Editorial: Reprioritize schools, Standardization stinks

FitTheMold In a case that started in 2011, 11 former employees from the Atlanta public schools have been found guilty of racketeering in a case that started out as a cheating scandal in which 35 people were originally indicted.

According to reports, the incident involved various employees changing answers and cheating on standardized tests.

Although the actions taken by all those involved in the scandal were wrong, there is much to be said about what might have motivated the district to resort to such extreme measures.

Typically, standardized tests are put in place in order to “set the bar” for education. In other words, these tests are supposed to measure how well a school is doing in teaching its students core subjects relative to their grade level.

Although this might sound good on paper, standardized tests such as these are known to put extreme pressure on educators. To put it in perspective, those who work within a school district are expected to make a collaborative effort to ensure that hundreds of children pass their exams in a way that puts a concrete “score” on their understanding of rudimentary concepts every year.

Yes, perhaps the whole point of going to school is to ensure that children obtain an education that will enable them to apply their understanding in the real world; however, this idealistic dream takes a questionable turn when there is money involved.

In a trickle-down effect, the whole affair starts at a federal level. Initiatives such as No Child Left Behind and Race to the Top, both of which were started to ensure that children receive an adequate education within the American school system, put a price tag on learning. With programs like these, states as a whole are given federal funds based on how well their collective districts do on standardized tests.

From this money given to the state, districts are allocated funds based on how well their kids do on tests. With the money in hand, the districts then get to decide how to divide it among schools, and often this decision gets tied to testing performance.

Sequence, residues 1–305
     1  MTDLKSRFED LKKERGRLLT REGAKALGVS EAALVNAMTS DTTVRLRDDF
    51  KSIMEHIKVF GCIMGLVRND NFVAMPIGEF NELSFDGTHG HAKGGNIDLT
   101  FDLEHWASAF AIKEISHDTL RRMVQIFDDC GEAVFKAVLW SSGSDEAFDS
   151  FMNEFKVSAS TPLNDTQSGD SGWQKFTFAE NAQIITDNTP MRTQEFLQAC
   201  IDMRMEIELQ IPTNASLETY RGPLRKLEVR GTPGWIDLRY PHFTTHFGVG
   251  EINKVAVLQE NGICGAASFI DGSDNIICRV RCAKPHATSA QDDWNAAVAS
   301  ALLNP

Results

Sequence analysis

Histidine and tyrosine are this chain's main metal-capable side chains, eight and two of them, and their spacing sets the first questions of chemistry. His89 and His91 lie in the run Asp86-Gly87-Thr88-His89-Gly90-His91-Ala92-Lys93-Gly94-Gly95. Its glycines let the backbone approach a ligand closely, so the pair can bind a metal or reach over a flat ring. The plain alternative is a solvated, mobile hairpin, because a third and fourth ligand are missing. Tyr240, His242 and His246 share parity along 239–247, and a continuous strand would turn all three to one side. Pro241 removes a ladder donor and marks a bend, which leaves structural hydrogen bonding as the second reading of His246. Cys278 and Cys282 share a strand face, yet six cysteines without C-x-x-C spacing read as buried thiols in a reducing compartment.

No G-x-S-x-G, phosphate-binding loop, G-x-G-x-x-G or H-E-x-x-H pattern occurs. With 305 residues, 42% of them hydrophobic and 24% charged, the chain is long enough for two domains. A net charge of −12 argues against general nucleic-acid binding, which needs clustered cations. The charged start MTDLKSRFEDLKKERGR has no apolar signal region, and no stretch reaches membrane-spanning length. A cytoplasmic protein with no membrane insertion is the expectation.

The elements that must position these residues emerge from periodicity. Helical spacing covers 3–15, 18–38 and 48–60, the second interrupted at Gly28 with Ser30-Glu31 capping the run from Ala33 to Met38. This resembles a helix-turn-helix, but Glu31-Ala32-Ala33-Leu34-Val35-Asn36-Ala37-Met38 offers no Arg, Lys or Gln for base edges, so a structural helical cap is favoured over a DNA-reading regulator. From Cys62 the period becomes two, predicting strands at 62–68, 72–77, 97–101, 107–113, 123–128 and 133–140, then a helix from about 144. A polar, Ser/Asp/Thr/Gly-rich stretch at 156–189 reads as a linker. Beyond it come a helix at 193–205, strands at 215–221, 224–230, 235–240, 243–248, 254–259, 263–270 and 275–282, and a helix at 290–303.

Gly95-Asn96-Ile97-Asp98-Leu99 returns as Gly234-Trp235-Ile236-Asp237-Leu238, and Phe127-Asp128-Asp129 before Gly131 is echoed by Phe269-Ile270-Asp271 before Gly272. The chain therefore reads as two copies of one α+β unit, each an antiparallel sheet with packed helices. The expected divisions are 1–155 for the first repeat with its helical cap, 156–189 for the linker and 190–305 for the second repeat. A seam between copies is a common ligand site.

All this money exchange and distribution is perhaps the greatest cause for the breakdown of the logic behind standardized testing. In addition, it creates rifts between all levels of education — the federal, state, district and school.

While some argue that the money merely serves as an incentive to get schools to keep their scores up, it is actually counterintuitive. By reserving funds for schools with scores that meet state requirements, schools that might have soley had an educational issue now have a monetary one as well. This lack in funds will be felt by the school administration, teachers and students who will all have think of ways to make up for the scores or else risk another year of budget cuts, which could be detrimental to more than one area of the school.

Furthermore, the kind of pressure that these kinds of cuts pose distract from classroom learning as more time will be dedicated to passing the test, rather than building on fundamental knowledge within each grade level. A tradition of barely getting by should never be the objective of education but sadly has become all too common among various schools across the nation who have faced a similar ordeal.

Although there have been rumors of an “opt-out” option for the state of Texas, a look at a 2014 document by the Texas Association of School Boards on the matter specifically outlines that choosing not to take the test is not a right, and failure to take certain standardized tests could be taken into consideration in a student’s grade promotion and graduation.

What those involved in the Atlanta Public Schools cheating scandal was wrong. However, the extreme actions taken by these employees serve to point out a breakdown in one segment of America’s educational system — where kids become numbers, teachers are judged by scores, and districts are constantly competing in order to ensure that they can operate another day.

Standardized tests can marginalize the value of learning and turn schools into little more than mini-businesses whose objectives are to generate funds. This is why we should reconsider the way our nation prioritizes standardized testing.